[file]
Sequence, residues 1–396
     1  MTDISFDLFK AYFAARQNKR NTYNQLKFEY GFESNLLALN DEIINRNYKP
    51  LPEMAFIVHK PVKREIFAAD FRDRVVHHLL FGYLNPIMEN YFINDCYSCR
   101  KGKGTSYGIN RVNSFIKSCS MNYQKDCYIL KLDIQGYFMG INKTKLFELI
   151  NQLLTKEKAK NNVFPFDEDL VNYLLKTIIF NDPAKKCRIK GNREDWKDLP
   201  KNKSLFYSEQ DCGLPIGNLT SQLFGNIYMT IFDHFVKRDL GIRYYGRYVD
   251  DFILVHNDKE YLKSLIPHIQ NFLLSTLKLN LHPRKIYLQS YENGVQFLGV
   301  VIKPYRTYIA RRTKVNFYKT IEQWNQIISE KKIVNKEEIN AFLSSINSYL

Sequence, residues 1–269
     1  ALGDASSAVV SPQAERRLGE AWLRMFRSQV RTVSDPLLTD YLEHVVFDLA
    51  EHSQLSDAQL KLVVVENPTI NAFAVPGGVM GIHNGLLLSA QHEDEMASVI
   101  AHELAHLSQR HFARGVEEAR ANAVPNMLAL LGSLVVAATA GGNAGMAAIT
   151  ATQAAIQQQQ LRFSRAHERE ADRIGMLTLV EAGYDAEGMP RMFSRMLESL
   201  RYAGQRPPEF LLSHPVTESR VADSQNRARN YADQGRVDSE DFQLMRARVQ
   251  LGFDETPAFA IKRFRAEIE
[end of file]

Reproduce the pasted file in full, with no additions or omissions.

Sequence, residues 1–396
     1  MTDISFDLFK AYFAARQNKR NTYNQLKFEY GFESNLLALN DEIINRNYKP
    51  LPEMAFIVHK PVKREIFAAD FRDRVVHHLL FGYLNPIMEN YFINDCYSCR
   101  KGKGTSYGIN RVNSFIKSCS MNYQKDCYIL KLDIQGYFMG INKTKLFELI
   151  NQLLTKEKAK NNVFPFDEDL VNYLLKTIIF NDPAKKCRIK GNREDWKDLP
   201  KNKSLFYSEQ DCGLPIGNLT SQLFGNIYMT IFDHFVKRDL GIRYYGRYVD
   251  DFILVHNDKE YLKSLIPHIQ NFLLSTLKLN LHPRKIYLQS YENGVQFLGV
   301  VIKPYRTYIA RRTKVNFYKT IEQWNQIISE KKIVNKEEIN AFLSSINSYL

Sequence, residues 1–269
     1  ALGDASSAVV SPQAERRLGE AWLRMFRSQV RTVSDPLLTD YLEHVVFDLA
    51  EHSQLSDAQL KLVVVENPTI NAFAVPGGVM GIHNGLLLSA QHEDEMASVI
   101  AHELAHLSQR HFARGVEEAR ANAVPNMLAL LGSLVVAATA GGNAGMAAIT
   151  ATQAAIQQQQ LRFSRAHERE ADRIGMLTLV EAGYDAEGMP RMFSRMLESL
   201  RYAGQRPPEF LLSHPVTESR VADSQNRARN YADQGRVDSE DFQLMRARVQ
   251  LGFDETPAFA IKRFRAEIE